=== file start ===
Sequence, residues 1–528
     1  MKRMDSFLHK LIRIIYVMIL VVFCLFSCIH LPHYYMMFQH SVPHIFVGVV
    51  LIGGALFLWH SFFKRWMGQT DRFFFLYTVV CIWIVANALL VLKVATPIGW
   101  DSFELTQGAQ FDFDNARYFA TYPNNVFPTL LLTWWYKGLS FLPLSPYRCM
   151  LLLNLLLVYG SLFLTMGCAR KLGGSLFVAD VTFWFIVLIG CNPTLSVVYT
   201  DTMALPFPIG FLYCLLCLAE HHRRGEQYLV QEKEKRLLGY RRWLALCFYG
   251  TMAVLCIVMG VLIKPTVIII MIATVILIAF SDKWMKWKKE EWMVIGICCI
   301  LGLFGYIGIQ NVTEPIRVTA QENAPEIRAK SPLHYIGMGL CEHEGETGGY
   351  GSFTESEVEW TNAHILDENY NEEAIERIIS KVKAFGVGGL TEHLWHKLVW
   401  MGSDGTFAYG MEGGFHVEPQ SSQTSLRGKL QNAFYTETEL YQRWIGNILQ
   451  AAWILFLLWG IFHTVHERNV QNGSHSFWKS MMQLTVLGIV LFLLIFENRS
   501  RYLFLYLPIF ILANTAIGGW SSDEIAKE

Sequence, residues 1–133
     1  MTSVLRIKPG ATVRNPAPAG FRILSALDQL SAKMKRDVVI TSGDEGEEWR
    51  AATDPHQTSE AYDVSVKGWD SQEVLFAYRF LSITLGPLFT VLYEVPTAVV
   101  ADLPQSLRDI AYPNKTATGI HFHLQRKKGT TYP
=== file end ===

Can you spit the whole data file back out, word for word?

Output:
Sequence, residues 1–528
     1  MKRMDSFLHK LIRIIYVMIL VVFCLFSCIH LPHYYMMFQH SVPHIFVGVV
    51  LIGGALFLWH SFFKRWMGQT DRFFFLYTVV CIWIVANALL VLKVATPIGW
   101  DSFELTQGAQ FDFDNARYFA TYPNNVFPTL LLTWWYKGLS FLPLSPYRCM
   151  LLLNLLLVYG SLFLTMGCAR KLGGSLFVAD VTFWFIVLIG CNPTLSVVYT
   201  DTMALPFPIG FLYCLLCLAE HHRRGEQYLV QEKEKRLLGY RRWLALCFYG
   251  TMAVLCIVMG VLIKPTVIII MIATVILIAF SDKWMKWKKE EWMVIGICCI
   301  LGLFGYIGIQ NVTEPIRVTA QENAPEIRAK SPLHYIGMGL CEHEGETGGY
   351  GSFTESEVEW TNAHILDENY NEEAIERIIS KVKAFGVGGL TEHLWHKLVW
   401  MGSDGTFAYG MEGGFHVEPQ SSQTSLRGKL QNAFYTETEL YQRWIGNILQ
   451  AAWILFLLWG IFHTVHERNV QNGSHSFWKS MMQLTVLGIV LFLLIFENRS
   501  RYLFLYLPIF ILANTAIGGW SSDEIAKE

Sequence, residues 1–133
     1  MTSVLRIKPG ATVRNPAPAG FRILSALDQL SAKMKRDVVI TSGDEGEEWR
    51  AATDPHQTSE AYDVSVKGWD SQEVLFAYRF LSITLGPLFT VLYEVPTAVV
   101  ADLPQSLRDI AYPNKTATGI HFHLQRKKGT TYP